Home News Assets Declaration: Saraki Asks Court to Stop Trial

Assets Declaration: Saraki Asks Court to Stop Trial


The Senate President, Dr. Bukola Saraki, has asked the Abuja Division of the Court of Appeal to order stay proceedings of his trial on charges of false and anticipatory asset declaration before the Code of Conduct Tribunal.
Saraki filed the motion for stay of proceedings along with his nine-ground notice of appeal on Monday to stop his trial which begins at the CCT on Tuesday (today).
The notice of appeal was filed to challenge the ruling of the CCT which, on March 24, 2016, dismissed the Senate President’s application, challenging the jurisdiction of the tribunal to hear the charges against him.
The two-man panel of the CCT, led by Danladi Umar, had, after dismissing Saraki’s application on March 24, fixed April 5 (today) for the commencement of trial.
But the plan may be stalled by the fresh move initiated by the accused on the eve of the day his trial is scheduled to start.
Our correspondent confirmed on Monday night that both the notice of appeal and the motion for stay of proceedings were served on the tribunal and the prosecution on Monday.
Saraki’s application was argued by a consortium of about 80 lawyers, led by a former Attorney General of the Federation and Minister of Justice, Chief Kanu Agabi (SAN).
His earlier appeal, aimed at ending his trial, was terminated by a judgment of the Supreme Court on February 5, 2016, which ordered him to submit himself for trial.
The fresh appeal is challenging the CCT’s ruling, which had resolved all the issues raised by the Senate President against him and affirmed that it had jurisdiction to hear the case.
The Federal Government is prosecuting Saraki on 13 counts of false and anticipatory asset declaration, which he allegedly made in his four forms which he submitted to the Code of Conduct Bureau at the beginning and end of his first and second terms as the Governor of Kwara State between 2003 and 2011.
Umar, who read the ruling of the CCT dismissing Saraki’s application challenging his trial, had directed the prosecution to open its case.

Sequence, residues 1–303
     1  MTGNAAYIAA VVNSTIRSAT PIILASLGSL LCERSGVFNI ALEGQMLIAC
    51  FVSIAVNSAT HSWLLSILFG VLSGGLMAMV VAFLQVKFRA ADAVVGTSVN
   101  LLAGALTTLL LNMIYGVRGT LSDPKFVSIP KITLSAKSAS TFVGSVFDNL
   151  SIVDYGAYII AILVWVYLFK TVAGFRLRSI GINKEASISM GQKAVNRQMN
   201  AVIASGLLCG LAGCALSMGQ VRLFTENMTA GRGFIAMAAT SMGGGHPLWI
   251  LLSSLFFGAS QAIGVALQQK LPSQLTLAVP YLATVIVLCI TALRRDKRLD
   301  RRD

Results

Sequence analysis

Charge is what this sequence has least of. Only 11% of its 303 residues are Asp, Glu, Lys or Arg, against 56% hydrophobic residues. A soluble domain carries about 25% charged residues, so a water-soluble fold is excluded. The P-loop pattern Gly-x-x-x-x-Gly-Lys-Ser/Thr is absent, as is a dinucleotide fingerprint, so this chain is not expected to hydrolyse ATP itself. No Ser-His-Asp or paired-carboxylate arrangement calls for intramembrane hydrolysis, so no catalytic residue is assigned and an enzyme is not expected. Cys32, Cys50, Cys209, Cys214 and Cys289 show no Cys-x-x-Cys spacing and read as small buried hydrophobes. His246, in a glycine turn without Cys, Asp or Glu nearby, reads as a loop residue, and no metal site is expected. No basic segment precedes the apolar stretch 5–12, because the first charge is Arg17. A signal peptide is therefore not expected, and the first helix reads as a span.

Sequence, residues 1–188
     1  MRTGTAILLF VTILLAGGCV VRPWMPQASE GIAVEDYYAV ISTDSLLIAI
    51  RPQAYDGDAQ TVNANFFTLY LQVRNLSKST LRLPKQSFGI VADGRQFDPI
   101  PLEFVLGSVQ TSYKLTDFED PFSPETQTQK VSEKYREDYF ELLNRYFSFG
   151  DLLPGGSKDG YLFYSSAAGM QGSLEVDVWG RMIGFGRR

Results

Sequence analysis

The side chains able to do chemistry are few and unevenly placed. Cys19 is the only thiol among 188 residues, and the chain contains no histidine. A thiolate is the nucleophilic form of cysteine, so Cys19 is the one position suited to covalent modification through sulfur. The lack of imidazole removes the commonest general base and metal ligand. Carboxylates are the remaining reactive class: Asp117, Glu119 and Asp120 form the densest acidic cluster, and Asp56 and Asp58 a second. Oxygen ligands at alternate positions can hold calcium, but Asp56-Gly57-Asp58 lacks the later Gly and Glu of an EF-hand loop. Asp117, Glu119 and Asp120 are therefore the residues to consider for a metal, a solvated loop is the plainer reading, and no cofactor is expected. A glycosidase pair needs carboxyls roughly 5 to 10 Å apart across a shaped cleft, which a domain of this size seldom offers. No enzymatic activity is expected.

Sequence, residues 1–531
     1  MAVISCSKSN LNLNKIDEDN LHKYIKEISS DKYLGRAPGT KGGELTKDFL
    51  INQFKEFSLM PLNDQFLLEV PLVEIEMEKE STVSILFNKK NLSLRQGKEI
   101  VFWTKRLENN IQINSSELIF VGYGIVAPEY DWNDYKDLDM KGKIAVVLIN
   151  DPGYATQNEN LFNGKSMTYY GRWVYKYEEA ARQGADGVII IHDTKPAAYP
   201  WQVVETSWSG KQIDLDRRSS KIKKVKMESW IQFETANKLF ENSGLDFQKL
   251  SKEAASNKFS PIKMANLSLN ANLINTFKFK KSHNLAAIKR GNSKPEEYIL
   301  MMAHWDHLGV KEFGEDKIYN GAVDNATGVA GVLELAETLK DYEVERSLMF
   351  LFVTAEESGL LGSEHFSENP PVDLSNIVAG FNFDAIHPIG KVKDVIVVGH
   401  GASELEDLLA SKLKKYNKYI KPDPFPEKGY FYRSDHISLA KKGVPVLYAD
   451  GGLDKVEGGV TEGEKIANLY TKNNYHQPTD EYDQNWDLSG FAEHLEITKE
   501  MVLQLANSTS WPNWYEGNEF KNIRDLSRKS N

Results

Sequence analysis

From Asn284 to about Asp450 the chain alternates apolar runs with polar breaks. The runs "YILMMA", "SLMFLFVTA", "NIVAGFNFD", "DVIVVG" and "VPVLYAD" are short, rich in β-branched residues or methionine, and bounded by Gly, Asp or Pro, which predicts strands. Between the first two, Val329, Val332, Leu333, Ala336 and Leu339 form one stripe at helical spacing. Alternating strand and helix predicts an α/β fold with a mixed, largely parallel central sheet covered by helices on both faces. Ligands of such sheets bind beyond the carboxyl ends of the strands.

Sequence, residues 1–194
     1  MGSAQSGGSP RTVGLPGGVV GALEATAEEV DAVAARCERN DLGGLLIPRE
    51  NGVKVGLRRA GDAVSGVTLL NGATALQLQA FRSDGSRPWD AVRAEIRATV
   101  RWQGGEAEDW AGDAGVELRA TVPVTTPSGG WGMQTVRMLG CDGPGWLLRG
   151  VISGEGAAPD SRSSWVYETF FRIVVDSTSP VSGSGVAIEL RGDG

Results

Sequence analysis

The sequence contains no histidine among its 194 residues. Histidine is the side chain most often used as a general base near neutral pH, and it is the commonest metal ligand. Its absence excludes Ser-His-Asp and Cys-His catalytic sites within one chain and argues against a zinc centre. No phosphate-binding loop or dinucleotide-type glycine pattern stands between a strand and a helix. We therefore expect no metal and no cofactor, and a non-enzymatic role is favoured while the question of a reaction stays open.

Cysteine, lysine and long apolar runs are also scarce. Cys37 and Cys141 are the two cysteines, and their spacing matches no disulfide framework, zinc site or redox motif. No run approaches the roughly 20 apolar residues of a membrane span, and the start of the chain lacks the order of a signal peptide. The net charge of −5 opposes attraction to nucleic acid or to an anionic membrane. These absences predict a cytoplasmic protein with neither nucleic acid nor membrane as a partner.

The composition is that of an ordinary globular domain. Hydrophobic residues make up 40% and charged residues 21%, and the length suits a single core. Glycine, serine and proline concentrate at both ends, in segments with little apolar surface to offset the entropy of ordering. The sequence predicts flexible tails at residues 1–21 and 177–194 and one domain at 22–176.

In its ruling, the tribunal ruled that contrary to Saraki’s contention, the AGF was competent to institute charges before the CCT.
It ruled that Saraki’s contention that he was being illegally prosecuted for offences allegedly committed about 13 years ago was out of place.
The CCT chairman agreed with the lead prosecuting counsel, Rotimi Jacobs (SAN), that the argument by Saraki that there must be an official complaint against him within a reasonable time of his submitting the declaration, was baseless.
The tribunal chairman held that there could be no clearance by implication unless it was expressly stated by the statute, noting that time never could never run against the state.
“It is not out of place to charge the accused person now and ask him to answer to the charges against him as there is no statute of limitation in relation to his case,” Umar said.
The tribunal also faulted Saraki’s reliance on its (CCT’s) earlier ruling, dismissing the charges against a former Governor of Lagos State, Bola Tinubu.
Saraki had argued that under Section 3(d) of the Code of Conduct Bureau and Tribunal Act, the CCB ought to have confronted him with the alleged infractions in his asset declaration forms before charges were instituted against him.
The Senate President is being prosecuted by the Federal Government for the alleged breaches in the four forms which he submitted to the CCB as Governor of Kwara State between 2003 and 2011.
He contended in his motion that the CCB’s failure to confront him with the alleged infractions had rendered the charges incompetent.
The CCT held that it had since realised that the ruling discharging Tinubu on the same grounds was made in error.
It ruled: “The accused persons relied on the decision of this tribunal in Federal Republic of Nigerian v. Bola Tinubu that was delivered on November 30, 2011. That decision was given per incuriam (given without following principles of law).”
Umar held that the provision of Paragraph 3(e) of Part I of the 3rd Schedule to the 1999 Constitution had removed and omitted the proviso relied on by the Senate President.
“That proviso that is repeated in Section 3(d) of the CCB/T Act cannot be sustained any longer under the 1999 Constitution. The decision in Tinubu’s case was given per incuriam and the tribunal should not follow such a decision,” he said.
The tribunal chairman dismissed Saraki’s claim that he was denied fair hearing because he was not invited to make a written statement before the charges against him were filed.
He held that the argument was premature and could be raised during the hearing of the substantive case.
“The motion by the defendant to quash the charge against him is refused. In the final analysis, the tribunal assumes jurisdiction in this case. The prosecution is to invite its witness,” Umar ruled.
The Punch.



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